Theoretical analysis of the evolution of immune memory
- Equal contributors
Integrative Biology, ETH Zurich, Switzerland
BMC Evolutionary Biology 2010, 10:380 doi:10.1186/1471-2148-10-380Published: 8 December 2010
The ability of an immune system to remember pathogens improves the chance of the host to survive a second exposure to the same pathogen. This immunological memory has evolved in response to the pathogen environment of the hosts. In vertebrates, the memory of previous infection is physiologically accomplished by the development of memory T and B cells. Many questions concerning the generation and maintenance of immunological memory are still debated. Is there a limit to how many memory cells a host can generate and maintain? If there is a limit, how should new cells be incorporated into a filled memory compartment? And how many different pathogens should the immune system remember?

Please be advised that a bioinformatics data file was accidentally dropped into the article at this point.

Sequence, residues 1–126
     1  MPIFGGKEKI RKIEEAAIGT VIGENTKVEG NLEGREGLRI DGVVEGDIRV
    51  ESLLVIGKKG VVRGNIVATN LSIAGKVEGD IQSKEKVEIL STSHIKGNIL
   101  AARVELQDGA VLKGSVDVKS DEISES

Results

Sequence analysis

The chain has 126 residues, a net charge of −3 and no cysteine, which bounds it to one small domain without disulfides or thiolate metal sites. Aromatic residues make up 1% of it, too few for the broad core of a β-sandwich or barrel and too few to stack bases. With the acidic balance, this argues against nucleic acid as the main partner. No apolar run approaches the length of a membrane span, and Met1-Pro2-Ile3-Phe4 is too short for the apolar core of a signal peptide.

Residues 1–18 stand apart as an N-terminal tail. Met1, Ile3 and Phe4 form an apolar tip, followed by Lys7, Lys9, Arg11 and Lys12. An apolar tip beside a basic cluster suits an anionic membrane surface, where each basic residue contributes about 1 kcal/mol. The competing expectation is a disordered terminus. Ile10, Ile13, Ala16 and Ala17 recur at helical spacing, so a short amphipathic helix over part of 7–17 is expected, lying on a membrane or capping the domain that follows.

In this study, we examine how memory traits evolve as a response to different pathogen environments using an individual-based model. We find that even without a cost related to the maintenance of a memory pool, the positive effect of bigger memory pool sizes saturates. The optimal diversity of a limited memory pool is determined by the probability of re-infection, rather than by the prevalence of a pathogen in the environment, or the frequency of exposure.
Relating immune memory traits to the pathogen environment of the hosts, our population biological framework sheds light on the evolutionary determinants of immune memory.